Once upon a time when we talked about oil, the presumption was we were talking about crude oil (or perhaps crude oil plus condensate if you were a petroleum wonk). Nowadays, when BP, the Energy Information Administration (EIA) or the International Energy Agency (IEA) publish their flagship yearly reports (see here, here and here) the lead-in charts highlight ‘All Liquids’ (click for larger image).
I’ve taken the numbers below from Table 3.4 in the IEA’s World Energy Outlook 2012 (click for larger image). Apologies for the lack of a link since the report needs to be ordered and is not freely available on the web.
As can easily be seen, traditional conventional crude oil is making up an ever smaller share of total liquids in percentage terms, falling from 88.8% in 1990 to 63.1% in 2035 under the IEA’s Current Policies scenario (basically business as usual).
This would be irrelevant if all liquids are perfectly substitutable amongst themselves; i.e., they are fungible. Unfortunately, they are not. The EIA released a great graphic yesterday showing two key determinants of fungibility (there are others): energy content per unit volume and energy content per unit weight here (click for larger image):
Now note that when the EIA, IEA or BP reports ‘all liquids’ supply, the unit of measurement is barrels per day, which is a unit of volume. But actually what we are really interested is energy. Further, the biggest transformation within the ‘all liquids’ composition has been from crude oil to natural gas plant liquids. So in percentage terms, we are replacing high energy content per unit liquids with lower energy content per unit volume liquids.
In other words, given that what we really care about is energy, we are comparing petroleum ‘apples’ with natural gas liquid ‘pears’ when we report ‘all liquids’ in volume terms—that is, barrels per day.
My fellow blogger (Energy Balance)—and former professor of chemistry—down the road in the city of Reading, Chris Rhodes, puts it this way:
According to the U.S. Energy Information Administration (EIA), “the term ‘liquid fuels’ encompasses petroleum and petroleum products and close substitutes, including crude oil, lease condensate, natural gas plant liquids, biofuels, coal-to-liquids, gas-to-liquids and refinery processing gains.” Since the major gains in production have been in the form of NGPL, it is a matter of some importance to consider the exact properties of these materials in comparison with conventional crude oil, particularly in relation to providing liquid fuels.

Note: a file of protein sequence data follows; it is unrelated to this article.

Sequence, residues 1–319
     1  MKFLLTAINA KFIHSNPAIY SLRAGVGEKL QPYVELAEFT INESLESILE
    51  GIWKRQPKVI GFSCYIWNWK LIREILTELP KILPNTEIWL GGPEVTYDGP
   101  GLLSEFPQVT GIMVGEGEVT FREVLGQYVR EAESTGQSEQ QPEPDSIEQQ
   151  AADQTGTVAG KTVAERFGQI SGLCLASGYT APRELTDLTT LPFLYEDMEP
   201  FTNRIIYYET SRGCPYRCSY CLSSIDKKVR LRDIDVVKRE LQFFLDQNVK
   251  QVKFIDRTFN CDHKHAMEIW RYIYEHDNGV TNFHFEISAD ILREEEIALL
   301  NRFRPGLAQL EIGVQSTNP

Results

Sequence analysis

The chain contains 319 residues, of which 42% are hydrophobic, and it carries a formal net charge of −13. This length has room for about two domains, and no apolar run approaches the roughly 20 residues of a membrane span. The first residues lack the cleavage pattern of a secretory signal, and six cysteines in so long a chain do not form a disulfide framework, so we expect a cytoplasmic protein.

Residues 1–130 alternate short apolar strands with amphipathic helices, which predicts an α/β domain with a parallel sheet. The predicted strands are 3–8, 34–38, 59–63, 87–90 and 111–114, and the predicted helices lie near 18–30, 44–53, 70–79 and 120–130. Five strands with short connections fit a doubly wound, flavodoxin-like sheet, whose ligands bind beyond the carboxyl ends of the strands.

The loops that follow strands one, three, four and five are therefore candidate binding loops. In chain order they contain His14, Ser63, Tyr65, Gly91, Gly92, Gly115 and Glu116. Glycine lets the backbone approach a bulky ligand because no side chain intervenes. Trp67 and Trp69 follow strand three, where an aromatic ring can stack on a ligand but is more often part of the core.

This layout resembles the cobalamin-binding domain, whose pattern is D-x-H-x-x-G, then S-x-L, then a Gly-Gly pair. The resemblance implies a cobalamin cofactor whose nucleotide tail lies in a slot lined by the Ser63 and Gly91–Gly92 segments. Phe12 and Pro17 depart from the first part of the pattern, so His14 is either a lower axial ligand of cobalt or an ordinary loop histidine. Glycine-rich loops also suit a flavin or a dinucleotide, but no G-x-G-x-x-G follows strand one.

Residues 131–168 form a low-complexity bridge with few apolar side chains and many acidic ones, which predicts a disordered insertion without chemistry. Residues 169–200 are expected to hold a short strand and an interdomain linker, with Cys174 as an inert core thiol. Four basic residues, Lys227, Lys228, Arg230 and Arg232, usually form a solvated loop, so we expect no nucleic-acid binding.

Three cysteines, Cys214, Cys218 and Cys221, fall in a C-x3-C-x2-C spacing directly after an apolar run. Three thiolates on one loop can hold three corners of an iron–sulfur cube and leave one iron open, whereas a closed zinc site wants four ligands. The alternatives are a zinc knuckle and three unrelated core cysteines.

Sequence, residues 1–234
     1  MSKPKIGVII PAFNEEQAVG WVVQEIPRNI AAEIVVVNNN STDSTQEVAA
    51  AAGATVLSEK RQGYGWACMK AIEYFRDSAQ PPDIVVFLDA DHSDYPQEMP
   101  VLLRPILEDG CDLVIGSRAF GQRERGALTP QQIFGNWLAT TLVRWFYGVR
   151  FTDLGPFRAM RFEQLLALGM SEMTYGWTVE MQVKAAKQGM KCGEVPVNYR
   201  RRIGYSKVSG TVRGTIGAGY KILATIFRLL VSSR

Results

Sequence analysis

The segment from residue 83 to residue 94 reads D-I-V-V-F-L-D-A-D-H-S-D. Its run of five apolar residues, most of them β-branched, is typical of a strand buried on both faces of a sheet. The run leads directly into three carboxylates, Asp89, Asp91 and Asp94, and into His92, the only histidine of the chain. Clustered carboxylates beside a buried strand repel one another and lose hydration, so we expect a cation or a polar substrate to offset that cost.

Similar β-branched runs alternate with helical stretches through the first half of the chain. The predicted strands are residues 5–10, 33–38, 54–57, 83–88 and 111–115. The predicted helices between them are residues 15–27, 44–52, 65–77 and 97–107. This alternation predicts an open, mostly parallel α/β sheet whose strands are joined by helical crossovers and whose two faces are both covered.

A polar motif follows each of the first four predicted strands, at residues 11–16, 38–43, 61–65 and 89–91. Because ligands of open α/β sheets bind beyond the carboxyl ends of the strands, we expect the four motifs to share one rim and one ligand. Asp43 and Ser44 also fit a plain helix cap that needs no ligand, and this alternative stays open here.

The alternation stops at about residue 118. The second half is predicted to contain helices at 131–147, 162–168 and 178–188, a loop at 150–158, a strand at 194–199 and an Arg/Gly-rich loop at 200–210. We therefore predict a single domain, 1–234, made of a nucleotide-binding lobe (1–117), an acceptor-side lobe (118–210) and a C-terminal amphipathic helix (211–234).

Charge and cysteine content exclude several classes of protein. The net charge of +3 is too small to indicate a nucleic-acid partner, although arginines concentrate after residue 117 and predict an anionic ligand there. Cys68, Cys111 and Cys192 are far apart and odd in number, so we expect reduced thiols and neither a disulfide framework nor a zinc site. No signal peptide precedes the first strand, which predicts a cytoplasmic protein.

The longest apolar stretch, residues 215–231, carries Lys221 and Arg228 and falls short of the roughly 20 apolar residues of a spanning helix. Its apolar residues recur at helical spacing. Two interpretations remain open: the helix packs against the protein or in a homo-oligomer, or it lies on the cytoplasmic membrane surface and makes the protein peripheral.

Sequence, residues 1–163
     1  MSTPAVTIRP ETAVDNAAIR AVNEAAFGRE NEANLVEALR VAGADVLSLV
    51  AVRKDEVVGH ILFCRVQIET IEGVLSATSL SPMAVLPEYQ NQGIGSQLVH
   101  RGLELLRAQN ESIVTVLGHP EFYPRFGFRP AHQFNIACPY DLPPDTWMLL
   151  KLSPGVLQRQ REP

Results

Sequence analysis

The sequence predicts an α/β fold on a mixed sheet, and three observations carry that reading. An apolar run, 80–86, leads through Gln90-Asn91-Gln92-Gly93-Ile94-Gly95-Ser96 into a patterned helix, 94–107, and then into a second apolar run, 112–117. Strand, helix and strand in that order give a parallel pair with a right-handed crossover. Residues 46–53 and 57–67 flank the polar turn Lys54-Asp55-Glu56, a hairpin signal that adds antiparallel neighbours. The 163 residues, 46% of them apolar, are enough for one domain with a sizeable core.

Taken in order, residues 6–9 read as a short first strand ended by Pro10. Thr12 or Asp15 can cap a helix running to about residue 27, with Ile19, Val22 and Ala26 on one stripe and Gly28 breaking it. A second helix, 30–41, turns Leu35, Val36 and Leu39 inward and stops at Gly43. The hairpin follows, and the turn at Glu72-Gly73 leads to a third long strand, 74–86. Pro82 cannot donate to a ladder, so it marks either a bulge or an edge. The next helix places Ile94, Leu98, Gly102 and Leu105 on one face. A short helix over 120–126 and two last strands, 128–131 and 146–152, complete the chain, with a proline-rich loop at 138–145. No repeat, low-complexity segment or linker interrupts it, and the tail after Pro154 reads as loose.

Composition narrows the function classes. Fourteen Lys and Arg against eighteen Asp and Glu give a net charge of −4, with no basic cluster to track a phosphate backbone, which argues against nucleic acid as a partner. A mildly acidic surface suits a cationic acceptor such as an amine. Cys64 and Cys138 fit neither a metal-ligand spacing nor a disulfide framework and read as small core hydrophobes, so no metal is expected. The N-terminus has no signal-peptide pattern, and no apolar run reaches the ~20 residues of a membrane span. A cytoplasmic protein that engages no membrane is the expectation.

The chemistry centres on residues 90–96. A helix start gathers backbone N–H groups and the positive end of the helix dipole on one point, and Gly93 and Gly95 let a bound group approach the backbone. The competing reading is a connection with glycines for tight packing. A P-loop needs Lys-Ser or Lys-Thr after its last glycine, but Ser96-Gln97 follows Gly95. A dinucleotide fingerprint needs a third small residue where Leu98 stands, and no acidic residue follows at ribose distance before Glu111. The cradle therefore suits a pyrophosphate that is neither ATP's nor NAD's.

And then adds some numbers:
A barrel of (natural gas plant) liquids contains far less energy than a barrel of crude oil (6.12 GJ).
The energy content of natural gas plant liquids (NGPLs) is as follows:
Natural gasoline (4.87 GJ), iso-butane (4.19 GJ), n-butane (4.56 GJ), propane (4.05 GJ), ethane (3.25 GJ) – data from original source converted from Btu to GJ. Moreover, they are far from being “close substitutes” for crude oil, in terms of their molecular and physical composition, and are mainly used for other purposes. The major single component of NGPL is ethane (42%), which is converted to ethylene mainly to make plastic from. Roughly 28% of NGPL is propane, which is mostly used to run small heating appliances, e.g. barbecues.
Chris is a chemist but those number above have major implications for economics as well. Professor Jim Hamilton, in a recent post titled “Dude, where’s my cheap gas” over at Econbrowser explains the implications for price:
About 80% of natural gas plant liquids are in the form of 2-carbon ethane or 3-carbon propane. Ethane is primarily used to make ethylene for petrochemicals and manufacturing, while propane has a variety of uses. But neither ethane nor propane is used to make gasoline. That’s why the boom in production of NGL’s has meant rapidly dropping prices for ethane and propane but not for the price of gasoline.
His post contains price charts for ethane, propane and gasoline, and I encourage you to take a look at these and contrast and compare. In addition, his conclusion could not be more blunt:
It’s obvious from the above price charts that it makes no economic sense to add gallons of ethane or propane to gallons of crude oil to try to summarize global oil supply. But growth of natural gas liquids has been a key factor in the reported increases in “world oil supply” over the last few years and is also a key component of recent optimistic assessments of future oil production by Leonardo Maugeri and the IEA.
There is no question that the boom in production of natural gas liquids is providing a great benefit to industrial users of ethylene. But if you’re waiting for it to lower the price you pay for gasoline at the pump, you may have to wait a while longer.
Or perhaps wait for ever. Let’s just track the price data and see.